On Friday, Southern District of New York Judge John Koeltl issued a much-anticipated decision in Hachette Books v. Internet Archive. Unfortunately, as many of our members and allies are aware, the judge ruled against the Internet Archive, finding that its CDL program was not protected by the doctrine of fair use and granting the publishers’ motion for summary judgment. You can read the 47-page decision for yourself here.
In his fair use analysis, Judge Koeltl found that each of the four fair use factors weighed in favor of the publishers, emphasizing above all else his view that IA’s controlled digital lending program was not transformative, an important consideration under the first fair use factor, which considers the purpose and character of the use. This inquiry also involves asking whether the use in question was commercial. To the surprise of many, the decision stated that IA’s use of the publishers’ works was commercial, because the Open Library is part of the IA’s website, which it uses “to attract new members, solicit donations, and bolster its standing in the library community.” The judge found this to be the case in spite of the fact that IA “does not make a monetary profit” from CDL. In other words, the judge held that the indirect, attenuated benefits the Internet Archive (which is, after all, a nonprofit) reaps from operating the Open Library makes its CDL program commercial.
Judge Koeltl gave less attention to the fourth factor in the fair use analysis, “the effect of the use on the potential market for the work,” which is often held up to be of significant importance. One consideration under this factor is whether the use creates a competing substitute with the original work. Unfortunately, on this point too, the court—in our view—missed the mark. This is because the decision does not draw a distinction between CDL scans and ebooks, going so far as to call CDL scans “ebooks” throughout. As we explained in our summary of the proceedings last week, many features of both CDL and ebooks make them both functionally and aesthetically distinct from one another. By glossing over these differences, the judge reached the conclusion that CDL scans are direct substitutes for licensed ebooks.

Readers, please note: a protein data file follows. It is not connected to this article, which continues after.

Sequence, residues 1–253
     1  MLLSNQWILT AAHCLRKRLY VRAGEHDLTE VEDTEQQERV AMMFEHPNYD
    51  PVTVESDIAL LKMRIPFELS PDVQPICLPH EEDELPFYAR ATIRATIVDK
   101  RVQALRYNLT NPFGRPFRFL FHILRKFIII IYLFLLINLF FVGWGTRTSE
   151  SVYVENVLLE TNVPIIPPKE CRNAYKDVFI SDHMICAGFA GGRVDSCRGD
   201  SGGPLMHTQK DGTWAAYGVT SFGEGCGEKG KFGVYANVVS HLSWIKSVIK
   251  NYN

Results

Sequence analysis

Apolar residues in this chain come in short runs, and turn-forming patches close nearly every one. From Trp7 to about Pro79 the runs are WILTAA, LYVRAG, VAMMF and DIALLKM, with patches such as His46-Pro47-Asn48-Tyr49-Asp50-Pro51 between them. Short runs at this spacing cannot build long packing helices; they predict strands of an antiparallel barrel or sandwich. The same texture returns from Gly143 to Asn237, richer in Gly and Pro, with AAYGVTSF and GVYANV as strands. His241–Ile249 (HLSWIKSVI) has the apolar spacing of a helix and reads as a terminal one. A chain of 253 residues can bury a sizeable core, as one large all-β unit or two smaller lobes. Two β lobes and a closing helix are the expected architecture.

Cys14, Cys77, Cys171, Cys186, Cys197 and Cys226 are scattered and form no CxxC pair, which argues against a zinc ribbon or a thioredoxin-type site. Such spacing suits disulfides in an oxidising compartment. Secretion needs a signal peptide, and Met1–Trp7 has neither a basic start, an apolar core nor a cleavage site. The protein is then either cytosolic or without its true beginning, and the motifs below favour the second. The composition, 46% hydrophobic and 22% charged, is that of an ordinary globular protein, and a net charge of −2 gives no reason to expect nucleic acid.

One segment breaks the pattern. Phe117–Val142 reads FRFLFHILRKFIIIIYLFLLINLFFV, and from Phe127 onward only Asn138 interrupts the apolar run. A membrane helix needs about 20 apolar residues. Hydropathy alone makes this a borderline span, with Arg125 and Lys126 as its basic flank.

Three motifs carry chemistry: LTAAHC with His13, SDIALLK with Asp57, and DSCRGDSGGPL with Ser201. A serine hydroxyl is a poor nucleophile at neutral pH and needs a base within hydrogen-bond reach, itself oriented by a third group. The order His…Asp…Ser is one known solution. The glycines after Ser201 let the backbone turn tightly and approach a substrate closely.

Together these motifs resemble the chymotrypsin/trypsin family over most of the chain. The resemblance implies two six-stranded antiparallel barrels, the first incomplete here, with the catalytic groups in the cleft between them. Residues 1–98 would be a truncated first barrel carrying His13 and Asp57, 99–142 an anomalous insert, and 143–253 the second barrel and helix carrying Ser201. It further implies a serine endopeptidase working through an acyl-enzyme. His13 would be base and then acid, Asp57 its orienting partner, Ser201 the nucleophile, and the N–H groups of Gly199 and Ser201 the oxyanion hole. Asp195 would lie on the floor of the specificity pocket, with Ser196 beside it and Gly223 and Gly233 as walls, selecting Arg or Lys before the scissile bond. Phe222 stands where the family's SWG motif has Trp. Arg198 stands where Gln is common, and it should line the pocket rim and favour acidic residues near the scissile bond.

Authors Alliance is deeply concerned about the ramifications of this decision, which was exceedingly broad in scope, striking a tremendous blow to the CDL model, rather than only IA’s implementation of it. Local libraries across the country practice CDL, and library patrons and authors alike depend on it to read, research, and participate in academic discourse.
As it stands, this decision only applies to Internet Archive and is only about the 127 books on which the publishers based their lawsuit. It does not set a binding precedent for any other library, but if left in place (or worse, if affirmed on appeal), it could cause libraries to avoid digitizing and lending books under a CDL model, which in our view would not serve the interests of many authors. This decision makes it harder for those authors to reach wide audiences: CDL enables many authors to reach more readers than they could otherwise, and authors like our members who write to be read would not be served if fewer readers could access their books.
The decision also hampers efforts to preserve books—aside from IA’s scanning program, there are few if any centralized efforts to preserve books in digital format once their commercial life is over. Without CDL, those books could quite literally disappear, and the knowledge they advance could be lost. IA’s scanning operations do preserve such books, which is one reason we have strongly supported them in this lawsuit. By the same token, if this decision stands, it will also limit authors’ ability to conduct efficient research online. The CDL survey we launched last year revealed that CDL is an effective research tool for authors who need to consult other books as part of their writing process, and in many cases it enables them to access far more works than they could at their local library alone. Authors who rely on CDL in this way would be harmed by this decision, as they could well be forced to undergo a more time-consuming research process, detracting from time that could be spent writing.
The Internet Archive has already indicated that it will be appealing Judge Koeltl’s ruling, and we look forward to supporting those efforts. We will continue to keep our readers and members apprised of updates as this case moves forward.